com/business-news/article/Facts-and-Figures/Economic-and-Trade-Information-on-China/ff/en/1/1X000000/1X09PHBA.htm; United
States Census Bureau, press release, “Exhibit 1—US International Trade in Goods and Services,”
2 Myron Brilliant, “A Free Trade Area of the Asia-Pacific: An Idea with Merit, but Is It Feasible?” Brookings, September 1, 2007, https://; Pradumma B. Rana and Xianbai
Ji, “The Asia-Pacific’s Response to Rising US Protectionism,” Council of Councils, March 27, 2018,
3 Gary Clyde Hufbauer and Zhiyao (Lucy) Lu, The Payoff to America from Globalization: A Fresh Look with a Focus on Costs to Workers
(Washington, DC: Peterson Institute for International Economics, 2017),
4 Shawn Donnan, “Global Trade: Structural Shifts,” Financial Times, March 2, 2016,



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The China Challenge to an Inclusive Asia-Pacific Regional Trade Architecture
The China Challenge to an Inclusive Asia-Pacific Regional Trade Architecture



Alibaba Group headquarters in Hangzhou, China.


rom its onset seventy years ago in the aftermath Monetary Fund (IMF), World Bank, International Finance
of World War Two, the global trading system—the Corporation (IFC), and the GATT/WTO—have been vitally
General Agreement on Tariffs and Trade (GATT) important to prosperity in the Asia-Pacific region. The
and its successor, the WTO—has been a key driver United States was instrumental in facilitating China’s in-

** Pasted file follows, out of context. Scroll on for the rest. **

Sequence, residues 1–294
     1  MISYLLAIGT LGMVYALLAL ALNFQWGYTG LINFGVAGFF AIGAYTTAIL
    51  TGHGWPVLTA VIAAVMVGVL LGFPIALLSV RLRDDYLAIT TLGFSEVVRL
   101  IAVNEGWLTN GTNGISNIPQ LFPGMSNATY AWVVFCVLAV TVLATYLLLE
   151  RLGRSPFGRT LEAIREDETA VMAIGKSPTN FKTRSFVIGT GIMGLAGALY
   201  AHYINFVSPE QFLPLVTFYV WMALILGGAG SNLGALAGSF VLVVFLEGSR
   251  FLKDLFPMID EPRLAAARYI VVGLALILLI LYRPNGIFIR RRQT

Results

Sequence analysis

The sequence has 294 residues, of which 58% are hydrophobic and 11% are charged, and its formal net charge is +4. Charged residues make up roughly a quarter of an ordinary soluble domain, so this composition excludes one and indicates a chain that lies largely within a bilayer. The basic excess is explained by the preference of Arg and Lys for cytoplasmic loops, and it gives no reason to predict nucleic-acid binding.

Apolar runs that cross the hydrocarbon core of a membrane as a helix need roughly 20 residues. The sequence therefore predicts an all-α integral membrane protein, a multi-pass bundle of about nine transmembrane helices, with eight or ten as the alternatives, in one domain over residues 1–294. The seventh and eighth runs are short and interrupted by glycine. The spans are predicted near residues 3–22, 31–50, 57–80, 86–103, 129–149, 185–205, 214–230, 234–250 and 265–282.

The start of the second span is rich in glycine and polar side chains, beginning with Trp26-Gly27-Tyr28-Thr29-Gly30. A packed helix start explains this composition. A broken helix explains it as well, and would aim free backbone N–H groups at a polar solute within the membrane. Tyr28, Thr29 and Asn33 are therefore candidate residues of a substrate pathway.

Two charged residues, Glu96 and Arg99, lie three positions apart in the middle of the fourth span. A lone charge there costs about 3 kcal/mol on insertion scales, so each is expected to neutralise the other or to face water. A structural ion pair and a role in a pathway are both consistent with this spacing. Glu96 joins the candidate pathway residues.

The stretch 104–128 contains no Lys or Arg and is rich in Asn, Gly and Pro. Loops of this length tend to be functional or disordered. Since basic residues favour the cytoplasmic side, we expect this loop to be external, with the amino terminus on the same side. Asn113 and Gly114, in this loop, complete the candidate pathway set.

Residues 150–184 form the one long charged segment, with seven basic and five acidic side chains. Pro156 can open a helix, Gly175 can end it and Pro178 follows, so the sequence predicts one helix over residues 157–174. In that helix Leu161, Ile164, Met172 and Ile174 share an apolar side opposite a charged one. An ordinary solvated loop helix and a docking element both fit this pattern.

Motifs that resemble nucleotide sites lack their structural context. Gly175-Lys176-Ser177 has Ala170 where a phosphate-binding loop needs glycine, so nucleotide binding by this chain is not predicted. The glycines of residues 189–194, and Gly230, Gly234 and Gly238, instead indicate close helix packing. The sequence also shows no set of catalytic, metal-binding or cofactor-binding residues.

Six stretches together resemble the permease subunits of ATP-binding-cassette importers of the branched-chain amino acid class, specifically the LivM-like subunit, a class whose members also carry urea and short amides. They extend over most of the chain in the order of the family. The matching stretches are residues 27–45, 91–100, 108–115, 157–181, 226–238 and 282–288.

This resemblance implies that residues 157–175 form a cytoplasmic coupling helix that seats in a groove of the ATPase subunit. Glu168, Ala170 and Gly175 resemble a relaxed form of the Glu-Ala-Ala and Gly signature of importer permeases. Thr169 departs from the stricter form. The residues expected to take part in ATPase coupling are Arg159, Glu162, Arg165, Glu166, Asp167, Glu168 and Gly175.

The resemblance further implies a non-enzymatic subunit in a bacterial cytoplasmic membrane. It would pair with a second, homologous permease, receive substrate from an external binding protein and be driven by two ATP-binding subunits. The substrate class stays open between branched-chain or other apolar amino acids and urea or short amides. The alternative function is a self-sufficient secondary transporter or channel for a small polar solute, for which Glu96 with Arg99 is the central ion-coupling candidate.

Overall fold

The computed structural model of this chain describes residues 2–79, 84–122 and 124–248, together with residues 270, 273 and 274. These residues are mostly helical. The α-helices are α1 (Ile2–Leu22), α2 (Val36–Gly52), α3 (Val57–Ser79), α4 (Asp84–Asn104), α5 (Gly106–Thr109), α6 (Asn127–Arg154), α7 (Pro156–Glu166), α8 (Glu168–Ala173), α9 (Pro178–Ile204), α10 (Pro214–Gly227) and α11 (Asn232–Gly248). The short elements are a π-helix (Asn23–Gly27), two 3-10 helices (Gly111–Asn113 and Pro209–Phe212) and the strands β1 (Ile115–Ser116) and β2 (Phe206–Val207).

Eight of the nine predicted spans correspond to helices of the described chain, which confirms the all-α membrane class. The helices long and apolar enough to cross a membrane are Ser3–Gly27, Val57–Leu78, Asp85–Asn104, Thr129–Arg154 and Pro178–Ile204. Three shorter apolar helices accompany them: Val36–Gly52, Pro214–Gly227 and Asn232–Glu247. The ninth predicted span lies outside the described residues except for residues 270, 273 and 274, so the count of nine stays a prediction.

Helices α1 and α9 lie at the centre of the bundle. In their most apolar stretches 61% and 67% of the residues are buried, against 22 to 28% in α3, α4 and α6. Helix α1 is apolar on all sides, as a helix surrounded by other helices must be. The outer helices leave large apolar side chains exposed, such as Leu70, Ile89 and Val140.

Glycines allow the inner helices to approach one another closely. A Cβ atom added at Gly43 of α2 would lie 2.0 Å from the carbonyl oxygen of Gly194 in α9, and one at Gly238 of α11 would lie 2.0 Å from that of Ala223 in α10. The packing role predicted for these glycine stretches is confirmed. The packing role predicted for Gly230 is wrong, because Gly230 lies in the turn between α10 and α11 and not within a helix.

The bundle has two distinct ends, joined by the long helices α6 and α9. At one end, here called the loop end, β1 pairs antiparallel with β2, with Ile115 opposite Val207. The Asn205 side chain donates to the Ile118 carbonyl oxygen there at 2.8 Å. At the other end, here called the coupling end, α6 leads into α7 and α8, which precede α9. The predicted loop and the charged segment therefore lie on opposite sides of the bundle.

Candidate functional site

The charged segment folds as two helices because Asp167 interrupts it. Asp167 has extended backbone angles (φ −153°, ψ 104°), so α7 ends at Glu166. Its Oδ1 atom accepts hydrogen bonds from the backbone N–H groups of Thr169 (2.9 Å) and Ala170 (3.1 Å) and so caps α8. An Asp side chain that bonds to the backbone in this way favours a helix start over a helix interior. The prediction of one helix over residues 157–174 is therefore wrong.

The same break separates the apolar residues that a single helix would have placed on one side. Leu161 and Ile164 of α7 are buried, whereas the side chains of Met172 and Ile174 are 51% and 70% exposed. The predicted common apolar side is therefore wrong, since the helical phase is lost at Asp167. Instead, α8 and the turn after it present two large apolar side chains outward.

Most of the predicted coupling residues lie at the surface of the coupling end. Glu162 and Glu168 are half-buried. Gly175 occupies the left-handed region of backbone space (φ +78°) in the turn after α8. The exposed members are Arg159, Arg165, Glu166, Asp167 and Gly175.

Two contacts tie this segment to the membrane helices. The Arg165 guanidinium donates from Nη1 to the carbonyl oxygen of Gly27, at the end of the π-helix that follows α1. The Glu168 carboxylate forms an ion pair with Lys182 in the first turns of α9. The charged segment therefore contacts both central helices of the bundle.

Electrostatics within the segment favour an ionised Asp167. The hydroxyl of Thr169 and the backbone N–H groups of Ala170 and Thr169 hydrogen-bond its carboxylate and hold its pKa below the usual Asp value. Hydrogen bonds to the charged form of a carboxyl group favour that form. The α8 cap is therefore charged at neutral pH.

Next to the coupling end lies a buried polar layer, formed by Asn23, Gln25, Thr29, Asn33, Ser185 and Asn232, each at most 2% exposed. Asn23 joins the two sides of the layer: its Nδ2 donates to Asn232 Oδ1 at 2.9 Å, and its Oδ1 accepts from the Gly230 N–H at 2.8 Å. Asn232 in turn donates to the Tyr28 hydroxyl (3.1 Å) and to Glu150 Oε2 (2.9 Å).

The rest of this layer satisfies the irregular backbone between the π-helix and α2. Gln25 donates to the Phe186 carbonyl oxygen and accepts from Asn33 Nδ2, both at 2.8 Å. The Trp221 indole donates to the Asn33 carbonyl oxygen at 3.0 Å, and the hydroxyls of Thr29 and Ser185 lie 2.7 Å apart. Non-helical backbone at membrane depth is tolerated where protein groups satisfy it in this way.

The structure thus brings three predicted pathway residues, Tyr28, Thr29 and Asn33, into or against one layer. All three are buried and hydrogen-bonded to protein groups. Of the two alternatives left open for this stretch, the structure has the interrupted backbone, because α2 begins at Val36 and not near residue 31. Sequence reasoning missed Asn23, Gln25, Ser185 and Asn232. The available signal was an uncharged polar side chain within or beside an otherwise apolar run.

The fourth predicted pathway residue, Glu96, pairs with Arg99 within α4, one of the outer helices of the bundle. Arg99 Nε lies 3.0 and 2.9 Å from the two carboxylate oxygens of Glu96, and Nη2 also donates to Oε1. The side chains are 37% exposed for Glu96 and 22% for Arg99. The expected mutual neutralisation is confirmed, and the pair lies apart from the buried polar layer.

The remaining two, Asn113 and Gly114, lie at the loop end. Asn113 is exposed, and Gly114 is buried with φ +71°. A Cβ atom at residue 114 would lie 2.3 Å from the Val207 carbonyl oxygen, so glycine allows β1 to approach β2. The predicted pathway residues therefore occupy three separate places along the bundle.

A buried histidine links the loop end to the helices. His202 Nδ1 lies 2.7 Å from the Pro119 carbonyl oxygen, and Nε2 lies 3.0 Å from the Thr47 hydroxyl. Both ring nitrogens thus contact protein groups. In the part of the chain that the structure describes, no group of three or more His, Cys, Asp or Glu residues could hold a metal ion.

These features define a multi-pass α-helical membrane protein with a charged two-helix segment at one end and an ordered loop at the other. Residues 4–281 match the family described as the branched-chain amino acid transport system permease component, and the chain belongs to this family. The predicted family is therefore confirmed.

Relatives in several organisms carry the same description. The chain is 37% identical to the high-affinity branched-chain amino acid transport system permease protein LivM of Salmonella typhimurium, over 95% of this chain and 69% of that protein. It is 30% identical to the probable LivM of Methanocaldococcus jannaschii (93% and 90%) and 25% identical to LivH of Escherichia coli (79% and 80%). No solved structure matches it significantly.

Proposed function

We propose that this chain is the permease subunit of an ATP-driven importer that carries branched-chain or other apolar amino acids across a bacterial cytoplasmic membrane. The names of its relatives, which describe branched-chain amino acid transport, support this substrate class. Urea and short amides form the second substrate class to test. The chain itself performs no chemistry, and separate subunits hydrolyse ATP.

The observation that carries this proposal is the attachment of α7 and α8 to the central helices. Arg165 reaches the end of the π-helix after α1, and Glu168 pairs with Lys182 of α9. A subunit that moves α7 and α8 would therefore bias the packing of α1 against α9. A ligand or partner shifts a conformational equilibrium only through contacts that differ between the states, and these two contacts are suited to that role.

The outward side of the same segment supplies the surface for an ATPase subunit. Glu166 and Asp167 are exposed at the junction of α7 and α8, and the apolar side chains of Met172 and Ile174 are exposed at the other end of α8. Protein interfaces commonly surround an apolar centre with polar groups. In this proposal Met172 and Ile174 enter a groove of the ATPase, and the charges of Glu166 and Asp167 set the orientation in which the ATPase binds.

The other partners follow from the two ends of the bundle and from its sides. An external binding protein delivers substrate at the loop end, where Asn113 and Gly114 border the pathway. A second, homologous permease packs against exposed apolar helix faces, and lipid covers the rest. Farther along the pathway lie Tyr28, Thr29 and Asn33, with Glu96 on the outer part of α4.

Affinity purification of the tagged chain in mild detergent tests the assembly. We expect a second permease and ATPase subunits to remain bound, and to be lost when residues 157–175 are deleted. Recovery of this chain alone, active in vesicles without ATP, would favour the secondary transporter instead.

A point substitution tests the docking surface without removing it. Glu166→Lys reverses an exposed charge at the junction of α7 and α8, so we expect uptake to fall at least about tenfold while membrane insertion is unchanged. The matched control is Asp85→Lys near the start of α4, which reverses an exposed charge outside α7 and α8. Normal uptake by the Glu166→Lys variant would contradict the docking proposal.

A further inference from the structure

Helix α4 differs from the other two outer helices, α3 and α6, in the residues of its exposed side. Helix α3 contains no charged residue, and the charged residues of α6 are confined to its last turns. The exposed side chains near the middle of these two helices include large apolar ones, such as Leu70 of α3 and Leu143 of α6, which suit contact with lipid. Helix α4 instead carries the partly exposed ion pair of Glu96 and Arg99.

of economic growth and prosperity. World trade grew nine- tegration into the international economic system, from its
fold, from $2.05 trillion in 1980 to $19 trillion by 2014.5 Yet, own trade and foreign direct investment (FDI) involving
stagnant middle-class wages and waves of immigrants es- China to China’s 2001 accession into the WTO. Driven by
caping Middle Eastern chaos helped create a populist back- low wages and FDI—for a developing nation, China was
lash in Europe and the United States with regard to free unusually open to FDI—China became the world’s factory,
trade, which continues to percolate. China’s role, US-China averaging nearly 10 percent annual growth for more than
trade confrontation, Donald Trump’s economic nationalism, two decades, until recently.7 At its peak, foreign-invested
and creeping protectionist measures worldwide—seven businesses accounted for 58.3 percent of China’s exports